Fighting Talk

Fri 3rd – Sat 25th August 2018


Megan Denny

at 23:40 on 14th Aug 2018



Snatch Theatre’s two-hander ‘Fighting Talk’ intertwines debates, sketches, spoken word performances and anecdotes, as it tackles the state of feminism in 2018.

The fragmented nature of this structure is generally effective in allowing a variety of issues to be examined, albeit briefly. The two female actors take on numerous roles with ease; from a 19th century gentleman raging against the suffragettes, to a black widow spider (the ‘original feminist icon’). While these characters are often comedic, they also offer alternative, sometimes conflicting perspectives on feminism. Particularly sensitive is a spoken word poem expressing the opinion of a man who feels he is suffering under the intensity of the feminist movement’s microscope when he is only ‘doing his best’. The excellent delivery and rhythm of this piece adds momentum to the play and the presentation of its arguments.

However, at some points, the varied structure of the play seems to veer into disjointedness. As a result, some scenes lack depth but feel somewhat chaotic, while others are long-winded and rambling. For example, the dance that begins the play would be more entertaining if the joke of the conflict between the two characters was less drawn out. Given the high-impact title of the play and the painted backdrop of the stage displaying thought-provoking slogans (‘Me Too’, ‘The Last Man’), an audience likely expects a more direct, engaging opening scene. Instead, the beginning feels a little stilted, and the pace remains slow until a volunteer is chosen from the audience to participate in a role-play conversation between two young men. Here, I feel the audience’s attention recaptured as the actors reveal that one of them had overheard the fat-shaming dialogue in this scene first hand. The personal nature of this anecdote is initially shocking, and then reinforces the pertinence of the issues discussed in the play.

The ongoing debate surrounding feminism is obviously essential, but also requires constant development. While ‘Fighting Talk’ does discuss many key problems facing the feminist movement in 2018, the script does not clearly present any ideas on how we can overcome these hurdles, whether in day to day life or on a larger scale. The play’s ending with prolonged screams from the actors is effective to express their frustration, but feels like an anti-climax given the debate that the production works hard to maintain for the preceding fifty minutes.

Nevertheless, ‘Fighting Talk’ is lively and entertaining in addressing 2018’s complex attitude to feminism.


Ella Kemp

at 08:19 on 15th Aug 2018



An angry patchwork flag hangs tall behind the two young women performing 'Fighting Talk'. Smeared insults are spat across the mismatched floral prints, white and orange textiles. “Whiny little diva”, “not yours” and, naturally, “grab ’em by the pussy” set the tone before anyone says a word.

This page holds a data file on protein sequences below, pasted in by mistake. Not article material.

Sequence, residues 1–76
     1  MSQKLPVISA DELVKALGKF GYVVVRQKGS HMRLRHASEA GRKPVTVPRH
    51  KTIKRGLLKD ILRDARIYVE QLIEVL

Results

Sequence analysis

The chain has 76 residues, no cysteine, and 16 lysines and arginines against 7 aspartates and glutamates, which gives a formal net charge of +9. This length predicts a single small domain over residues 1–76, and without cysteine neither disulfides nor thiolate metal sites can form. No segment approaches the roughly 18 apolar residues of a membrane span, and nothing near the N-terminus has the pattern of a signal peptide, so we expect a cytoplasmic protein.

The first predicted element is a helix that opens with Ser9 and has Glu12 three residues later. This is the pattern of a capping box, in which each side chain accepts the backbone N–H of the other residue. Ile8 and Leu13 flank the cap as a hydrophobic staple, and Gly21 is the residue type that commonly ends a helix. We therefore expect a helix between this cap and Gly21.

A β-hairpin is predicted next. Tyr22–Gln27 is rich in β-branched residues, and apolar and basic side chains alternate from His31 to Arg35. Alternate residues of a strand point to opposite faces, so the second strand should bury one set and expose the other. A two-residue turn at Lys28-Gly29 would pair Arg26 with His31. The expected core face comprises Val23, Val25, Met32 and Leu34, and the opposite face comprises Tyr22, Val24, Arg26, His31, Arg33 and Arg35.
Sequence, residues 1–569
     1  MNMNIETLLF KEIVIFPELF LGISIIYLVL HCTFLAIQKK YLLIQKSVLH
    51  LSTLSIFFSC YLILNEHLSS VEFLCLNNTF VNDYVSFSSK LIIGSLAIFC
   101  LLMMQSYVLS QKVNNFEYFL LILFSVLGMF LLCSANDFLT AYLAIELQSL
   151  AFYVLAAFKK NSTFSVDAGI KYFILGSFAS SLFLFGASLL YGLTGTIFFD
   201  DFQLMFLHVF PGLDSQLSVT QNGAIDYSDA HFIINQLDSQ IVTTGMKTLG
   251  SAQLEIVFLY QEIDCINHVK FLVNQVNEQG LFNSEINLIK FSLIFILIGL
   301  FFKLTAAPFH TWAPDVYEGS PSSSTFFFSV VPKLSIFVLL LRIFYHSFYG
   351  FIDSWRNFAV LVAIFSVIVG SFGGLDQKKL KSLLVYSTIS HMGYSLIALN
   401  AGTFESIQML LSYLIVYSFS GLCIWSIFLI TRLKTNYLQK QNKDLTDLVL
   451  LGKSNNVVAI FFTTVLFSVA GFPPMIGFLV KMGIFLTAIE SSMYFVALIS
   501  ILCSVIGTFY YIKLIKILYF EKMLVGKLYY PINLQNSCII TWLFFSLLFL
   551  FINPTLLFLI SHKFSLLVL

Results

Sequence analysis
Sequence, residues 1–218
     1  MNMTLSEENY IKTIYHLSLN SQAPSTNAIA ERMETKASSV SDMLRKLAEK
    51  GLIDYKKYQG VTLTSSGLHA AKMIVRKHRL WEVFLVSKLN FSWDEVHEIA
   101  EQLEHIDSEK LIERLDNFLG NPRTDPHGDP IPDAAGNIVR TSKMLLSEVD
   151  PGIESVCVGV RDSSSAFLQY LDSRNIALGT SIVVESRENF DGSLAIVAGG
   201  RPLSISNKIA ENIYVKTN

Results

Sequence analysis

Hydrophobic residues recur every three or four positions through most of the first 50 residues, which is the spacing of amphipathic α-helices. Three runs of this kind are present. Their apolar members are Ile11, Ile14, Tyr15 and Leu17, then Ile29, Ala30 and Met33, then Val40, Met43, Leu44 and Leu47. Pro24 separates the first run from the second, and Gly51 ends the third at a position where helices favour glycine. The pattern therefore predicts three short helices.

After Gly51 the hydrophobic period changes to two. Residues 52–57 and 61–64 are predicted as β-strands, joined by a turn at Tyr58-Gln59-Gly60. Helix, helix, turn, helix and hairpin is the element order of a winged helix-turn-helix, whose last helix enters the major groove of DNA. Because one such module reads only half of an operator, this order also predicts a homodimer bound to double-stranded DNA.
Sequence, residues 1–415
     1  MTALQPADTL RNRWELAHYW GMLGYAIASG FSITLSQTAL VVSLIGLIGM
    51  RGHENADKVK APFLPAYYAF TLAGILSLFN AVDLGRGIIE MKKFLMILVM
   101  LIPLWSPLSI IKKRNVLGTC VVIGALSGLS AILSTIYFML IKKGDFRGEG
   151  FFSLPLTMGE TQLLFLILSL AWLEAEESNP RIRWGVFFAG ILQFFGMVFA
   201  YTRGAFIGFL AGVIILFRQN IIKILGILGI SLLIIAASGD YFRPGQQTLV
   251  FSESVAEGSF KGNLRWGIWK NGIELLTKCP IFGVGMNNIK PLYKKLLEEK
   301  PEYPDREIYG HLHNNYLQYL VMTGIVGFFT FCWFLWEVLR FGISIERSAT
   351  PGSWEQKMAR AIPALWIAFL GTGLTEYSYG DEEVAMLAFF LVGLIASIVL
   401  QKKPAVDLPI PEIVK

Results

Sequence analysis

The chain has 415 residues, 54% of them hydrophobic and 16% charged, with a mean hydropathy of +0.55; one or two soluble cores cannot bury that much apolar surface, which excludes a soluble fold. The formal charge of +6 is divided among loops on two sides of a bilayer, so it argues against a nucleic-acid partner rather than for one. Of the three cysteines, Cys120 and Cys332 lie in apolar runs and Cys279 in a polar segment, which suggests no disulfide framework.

Snatch Theatre probably wouldn’t like to be boxed as "angry", as the show urges an audience to debunk the myths of militant, hysteric feminism, one performance art piece at a time. Through spoken word, outlandish physical theatre, and the odd costume change, the show is relentless in proving how important it is.

“Self-righteousness is like your second favourite thing”, one actor scornfully reminds the other. But is there really a first? Past the creative attempts to fictionalise obvious problems with the patriarchy, the performers unashamedly break down the fourth wall, repeatedly, as if to reassure everyone that misogyny really does exist.

An audience member reads lines of a hurtful conversation that turns out to be verbatim; and if the severity of his words wasn’t clear enough, an epilogue offers a direct address on why talking about a woman’s weight is wrong. It’s overwrought, but casually dubbing him a “thick cunt” is an undeniable treat in a sporadically sharp script. An interlude on mansplaining in an Ellesse t-shirt offers an invigorating highlight and testifies to the performers’ stamina. But teething issues in the production prevent the good will of each idea from earning a sense of gravitas, as dense monologues are interrupted by unscripted stammers.

There’s a lot of potential to explore: reckoning with the guilt of trying to be a good feminist; choosing what is worth fighting for; as well as dissecting the sheer luxury of standing up to harassment when others cannot. But in then trying to challenge the format so much, the suspension of disbelief is broken too often. It’s like they’ve beaten you to the pub to talk about what the show meant, before you’ve even left the room.

These performers know who they are, and who they don’t want to be anymore. But to recognise the bubble they’re in - an echo chamber of female empowerment and activism - isn’t enough to break free from its shackles. Speaking up about the problem of calling someone an angry feminist won’t make it disappear unless you do something about it. There’s talk in all sorts of ways, but no innovation in the way of action.

But what can we do? If gender discourse makes you want to scream because it’s so complicated, art can often try to provide answers in relieving and enlightening ways. But by resigning to primal instincts and wailing on the floor, 'Fighting Talk' doesn’t feel cathartic. It’s not wrong, but it doesn’t reach out to give anyone anything better to believe in.


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